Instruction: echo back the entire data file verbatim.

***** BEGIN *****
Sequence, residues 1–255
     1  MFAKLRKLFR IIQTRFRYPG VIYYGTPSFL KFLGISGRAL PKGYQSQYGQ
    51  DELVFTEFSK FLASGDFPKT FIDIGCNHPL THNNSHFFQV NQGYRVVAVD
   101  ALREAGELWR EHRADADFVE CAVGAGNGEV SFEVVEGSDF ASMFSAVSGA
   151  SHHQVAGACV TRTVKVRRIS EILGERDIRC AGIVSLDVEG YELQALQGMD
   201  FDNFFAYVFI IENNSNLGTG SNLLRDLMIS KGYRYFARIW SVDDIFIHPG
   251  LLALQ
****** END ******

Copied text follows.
Sequence, residues 1–255
     1  MFAKLRKLFR IIQTRFRYPG VIYYGTPSFL KFLGISGRAL PKGYQSQYGQ
    51  DELVFTEFSK FLASGDFPKT FIDIGCNHPL THNNSHFFQV NQGYRVVAVD
   101  ALREAGELWR EHRADADFVE CAVGAGNGEV SFEVVEGSDF ASMFSAVSGA
   151  SHHQVAGACV TRTVKVRRIS EILGERDIRC AGIVSLDVEG YELQALQGMD
   201  FDNFFAYVFI IENNSNLGTG SNLLRDLMIS KGYRYFARIW SVDDIFIHPG
   251  LLALQ